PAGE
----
Specifically breaking out the two restricted minerals, Reuters adds that China produces roughly 60 percent of the world’s germanium and 80 percent of gallium. So, there’s a lot at stake here for computer chip producers and for governments trying to promote domestic producers at the expense of Chinese competitors.”
How Tariffs and the Trade War Hurt U.S. Agriculture Alex Durante. 2022 7 25. Tax Foundation. Tracking the Economic Impact of U.S. Tariffs and Retaliatory Actions Erica York. 2022 4 1. Tax Foundation. Lessons from the 2002 Bush Steel Tariffs Erica York.
“Negotiators from Brussels and Washington are scrambling to solve a five-year dispute over steel and aluminum dating back to former U.S. President Donald Trump’s decision to slap tariffs on European imports. They have until October to get a deal but are still so far apart that European officials now fear the chances of an agreement are slim.
Without a deal, both sides could reimpose billions of dollars worth of trade tariffs on each other’s goods — potentially spreading well beyond steel to hit products including French wines, U.S. rum, vodka and denim jeans.”
“Officials in Brussels see the ongoing negotiations as just another push from the U.S. to force them into taking a harder line against China. “The language just seems written to tackle one country specifically,” said one of the European officials.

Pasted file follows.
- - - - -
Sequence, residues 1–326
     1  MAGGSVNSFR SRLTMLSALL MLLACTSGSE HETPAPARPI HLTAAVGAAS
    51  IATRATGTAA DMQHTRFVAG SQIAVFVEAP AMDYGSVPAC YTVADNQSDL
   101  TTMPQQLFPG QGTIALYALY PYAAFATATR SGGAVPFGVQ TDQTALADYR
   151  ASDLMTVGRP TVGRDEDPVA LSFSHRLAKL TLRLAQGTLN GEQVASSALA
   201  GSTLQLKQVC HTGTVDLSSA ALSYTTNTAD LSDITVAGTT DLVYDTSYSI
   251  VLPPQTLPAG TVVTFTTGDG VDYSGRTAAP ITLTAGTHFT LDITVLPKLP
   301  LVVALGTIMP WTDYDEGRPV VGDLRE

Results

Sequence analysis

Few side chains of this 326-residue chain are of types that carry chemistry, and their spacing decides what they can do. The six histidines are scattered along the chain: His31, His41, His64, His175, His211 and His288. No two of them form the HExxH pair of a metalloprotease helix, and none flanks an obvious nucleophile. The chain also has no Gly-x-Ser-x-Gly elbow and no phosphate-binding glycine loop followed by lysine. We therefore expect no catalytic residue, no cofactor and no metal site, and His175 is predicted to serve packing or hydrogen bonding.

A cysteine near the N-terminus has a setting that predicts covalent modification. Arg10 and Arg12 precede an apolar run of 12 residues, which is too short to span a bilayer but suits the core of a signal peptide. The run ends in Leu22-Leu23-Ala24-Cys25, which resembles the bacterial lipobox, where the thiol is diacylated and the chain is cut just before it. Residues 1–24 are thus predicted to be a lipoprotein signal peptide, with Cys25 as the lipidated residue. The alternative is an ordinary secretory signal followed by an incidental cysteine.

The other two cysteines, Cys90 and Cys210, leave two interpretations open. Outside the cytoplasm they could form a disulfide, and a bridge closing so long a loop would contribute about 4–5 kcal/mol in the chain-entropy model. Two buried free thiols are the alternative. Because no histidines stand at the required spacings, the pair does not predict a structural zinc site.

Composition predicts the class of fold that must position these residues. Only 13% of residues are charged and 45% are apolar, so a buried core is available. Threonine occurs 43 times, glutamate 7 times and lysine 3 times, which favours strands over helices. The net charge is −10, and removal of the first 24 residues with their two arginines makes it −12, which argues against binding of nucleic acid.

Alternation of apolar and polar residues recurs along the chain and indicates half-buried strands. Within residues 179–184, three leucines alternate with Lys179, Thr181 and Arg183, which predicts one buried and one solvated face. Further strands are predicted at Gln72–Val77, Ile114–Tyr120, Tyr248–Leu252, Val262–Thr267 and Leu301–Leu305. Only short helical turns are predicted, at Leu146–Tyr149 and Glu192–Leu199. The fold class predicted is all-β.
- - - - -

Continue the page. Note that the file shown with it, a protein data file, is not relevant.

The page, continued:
Discussions only recently picked up pace through the exchange of a U.S. concept paper and then an EU response. Those texts showed how far apart the two sides are on key issues, the officials said.
Washington wants to impose tariffs on imported steel or aluminum products, which would increase progressively based on how carbon-intensive the manufacturing process is, according to the proposal seen by POLITICO. Countries that join the agreement, which would be open to nations outside the EU, would face lower tariffs, or none at all, compared to those that do not.
The EU’s response — also seen by POLITICO — does not include any form of tariffs, according to the officials. Brussels fears the American plan for tariffs goes against the rules of the World Trade Organization, which is a no-go for the EU.
But a senior Biden administration official, who spoke on the condition of anonymity to discuss ongoing negotiations, told POLITICO that tariffs should not be off the table.
“That’s a pretty powerful tool for driving the market both to reduce carbon intensity as well as to reset the playing field to counteract non-market practices and excess capacity,” the U.S. official said. “What we’ve been trying to understand and respond to, in part, is what are those reasons that the EU has to have concerns about a tariff-type structure.””
“Several officials said Washington is also seeking an exemption from the EU’s carbon border tax, which imposes a tax on some imported goods to make sure European businesses are not undercut by cheaper products made in countries with weaker environmental rules.
Such an exemption for the U.S. is another no-go for Brussels. A European Commission spokesperson said giving the U.S. a pass on the carbon border tax would constitute a breach of WTO rules and “cannot be compared with” the U.S. steel and aluminum measures.”
“OPEC+, meaning the Organization of Petroleum Exporting Countries (OPEC), and its allies, the plus sign, announced it would cut production by over 1 million barrels of crude oil a day. For some context, there are about 100 million barrels of oil produced worldwide each